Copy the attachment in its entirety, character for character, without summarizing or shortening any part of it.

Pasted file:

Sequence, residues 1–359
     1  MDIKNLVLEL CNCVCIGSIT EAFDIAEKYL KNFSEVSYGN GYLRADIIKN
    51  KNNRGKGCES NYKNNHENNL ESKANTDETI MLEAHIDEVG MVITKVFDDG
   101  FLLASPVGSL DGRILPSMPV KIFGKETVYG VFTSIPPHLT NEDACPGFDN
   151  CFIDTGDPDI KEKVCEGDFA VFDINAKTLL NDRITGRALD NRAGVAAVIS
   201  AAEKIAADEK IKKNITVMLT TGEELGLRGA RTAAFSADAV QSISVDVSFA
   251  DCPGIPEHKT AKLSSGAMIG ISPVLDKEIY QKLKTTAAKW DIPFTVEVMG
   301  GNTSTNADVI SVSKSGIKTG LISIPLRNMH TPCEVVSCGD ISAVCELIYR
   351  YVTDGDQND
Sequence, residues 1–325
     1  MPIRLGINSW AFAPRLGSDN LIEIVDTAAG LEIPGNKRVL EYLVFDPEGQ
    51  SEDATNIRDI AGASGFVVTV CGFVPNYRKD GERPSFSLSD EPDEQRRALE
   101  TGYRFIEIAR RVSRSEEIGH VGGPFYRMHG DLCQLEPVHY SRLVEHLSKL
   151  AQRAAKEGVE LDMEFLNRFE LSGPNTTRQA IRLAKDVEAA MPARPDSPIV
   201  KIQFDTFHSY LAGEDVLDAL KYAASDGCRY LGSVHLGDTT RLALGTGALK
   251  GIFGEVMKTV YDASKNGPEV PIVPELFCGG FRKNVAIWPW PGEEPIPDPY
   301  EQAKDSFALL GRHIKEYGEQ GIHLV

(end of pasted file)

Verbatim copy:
Sequence, residues 1–359
     1  MDIKNLVLEL CNCVCIGSIT EAFDIAEKYL KNFSEVSYGN GYLRADIIKN
    51  KNNRGKGCES NYKNNHENNL ESKANTDETI MLEAHIDEVG MVITKVFDDG
   101  FLLASPVGSL DGRILPSMPV KIFGKETVYG VFTSIPPHLT NEDACPGFDN
   151  CFIDTGDPDI KEKVCEGDFA VFDINAKTLL NDRITGRALD NRAGVAAVIS
   201  AAEKIAADEK IKKNITVMLT TGEELGLRGA RTAAFSADAV QSISVDVSFA
   251  DCPGIPEHKT AKLSSGAMIG ISPVLDKEIY QKLKTTAAKW DIPFTVEVMG
   301  GNTSTNADVI SVSKSGIKTG LISIPLRNMH TPCEVVSCGD ISAVCELIYR
   351  YVTDGDQND
Sequence, residues 1–325
     1  MPIRLGINSW AFAPRLGSDN LIEIVDTAAG LEIPGNKRVL EYLVFDPEGQ
    51  SEDATNIRDI AGASGFVVTV CGFVPNYRKD GERPSFSLSD EPDEQRRALE
   101  TGYRFIEIAR RVSRSEEIGH VGGPFYRMHG DLCQLEPVHY SRLVEHLSKL
   151  AQRAAKEGVE LDMEFLNRFE LSGPNTTRQA IRLAKDVEAA MPARPDSPIV
   201  KIQFDTFHSY LAGEDVLDAL KYAASDGCRY LGSVHLGDTT RLALGTGALK
   251  GIFGEVMKTV YDASKNGPEV PIVPELFCGG FRKNVAIWPW PGEEPIPDPY
   301  EQAKDSFALL GRHIKEYGEQ GIHLV